Ribosomes, Drugs & Viruses
Ribosomes make proteins in all living organisms. They do this by decoding the genetic information, translating the three-letter code of DNA into the single letter code of proteins. Ribosomes are ancient molecular machines that evolved at the dawn of cellular life. They consist of both RNA and proteins, but the real work of making proteins is carried out by RNA—a finding unexpected by most chemists and biologists. The ribosomes of all organisms are structurally similar, but there are important differences between those of bacteria and mammals. This difference is the basis of many drugs currently used to fight bacterial infections in humans.
Currently, we do not have similar drugs to fight viruses. While viruses do not have their own ribosomes—they hijack the ribosomes of the human cell to make more virus—it may be possible to exploit the unique methods by which viruses take over the human ribosomes to create novel anti-viral drugs. To do this, we need to know much more about how ribosomes work. Our lab uses the methods of X-ray crystallography and biochemistry to learn how ribosomes make proteins. By taking "snapshots" (in atomic detail!) of each step in the process of protein synthesis, we seek to create a "movie" that illustrates exactly how ribosomes make the proteins that are fundamental to all life.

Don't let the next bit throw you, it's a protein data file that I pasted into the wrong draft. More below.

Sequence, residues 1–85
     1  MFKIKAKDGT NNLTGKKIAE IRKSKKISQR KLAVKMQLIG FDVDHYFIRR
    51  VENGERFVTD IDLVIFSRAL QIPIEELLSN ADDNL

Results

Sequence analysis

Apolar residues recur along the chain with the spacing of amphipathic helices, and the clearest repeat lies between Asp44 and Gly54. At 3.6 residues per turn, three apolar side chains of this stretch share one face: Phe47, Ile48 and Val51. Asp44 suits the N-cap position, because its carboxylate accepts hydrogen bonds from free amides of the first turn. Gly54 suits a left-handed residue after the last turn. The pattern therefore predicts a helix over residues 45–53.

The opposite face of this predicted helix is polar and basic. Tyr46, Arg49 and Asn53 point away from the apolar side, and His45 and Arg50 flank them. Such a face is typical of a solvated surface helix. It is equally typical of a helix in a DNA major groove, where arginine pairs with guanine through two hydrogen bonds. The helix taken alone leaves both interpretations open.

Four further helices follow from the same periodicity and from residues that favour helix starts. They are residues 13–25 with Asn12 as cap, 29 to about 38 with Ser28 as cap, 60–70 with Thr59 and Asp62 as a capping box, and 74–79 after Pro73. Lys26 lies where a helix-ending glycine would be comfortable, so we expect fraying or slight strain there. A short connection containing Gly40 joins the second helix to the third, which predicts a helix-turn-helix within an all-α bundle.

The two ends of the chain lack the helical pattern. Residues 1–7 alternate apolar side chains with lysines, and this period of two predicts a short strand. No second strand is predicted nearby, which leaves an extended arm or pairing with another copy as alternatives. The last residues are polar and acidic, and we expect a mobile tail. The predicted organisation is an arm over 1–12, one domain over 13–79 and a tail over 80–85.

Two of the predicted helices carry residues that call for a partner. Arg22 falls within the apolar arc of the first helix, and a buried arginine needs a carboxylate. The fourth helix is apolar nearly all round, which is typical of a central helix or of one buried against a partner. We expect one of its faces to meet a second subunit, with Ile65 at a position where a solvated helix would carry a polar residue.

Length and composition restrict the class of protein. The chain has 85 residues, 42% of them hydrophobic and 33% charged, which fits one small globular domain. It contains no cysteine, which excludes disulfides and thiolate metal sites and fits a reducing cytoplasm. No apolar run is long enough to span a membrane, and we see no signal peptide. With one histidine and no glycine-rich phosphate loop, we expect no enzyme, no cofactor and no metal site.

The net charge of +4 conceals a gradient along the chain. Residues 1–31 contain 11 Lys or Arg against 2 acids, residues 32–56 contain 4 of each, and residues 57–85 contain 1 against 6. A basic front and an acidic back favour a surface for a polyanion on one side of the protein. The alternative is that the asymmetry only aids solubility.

For more information, please visit Dr. Andrei Korostelev's lab site.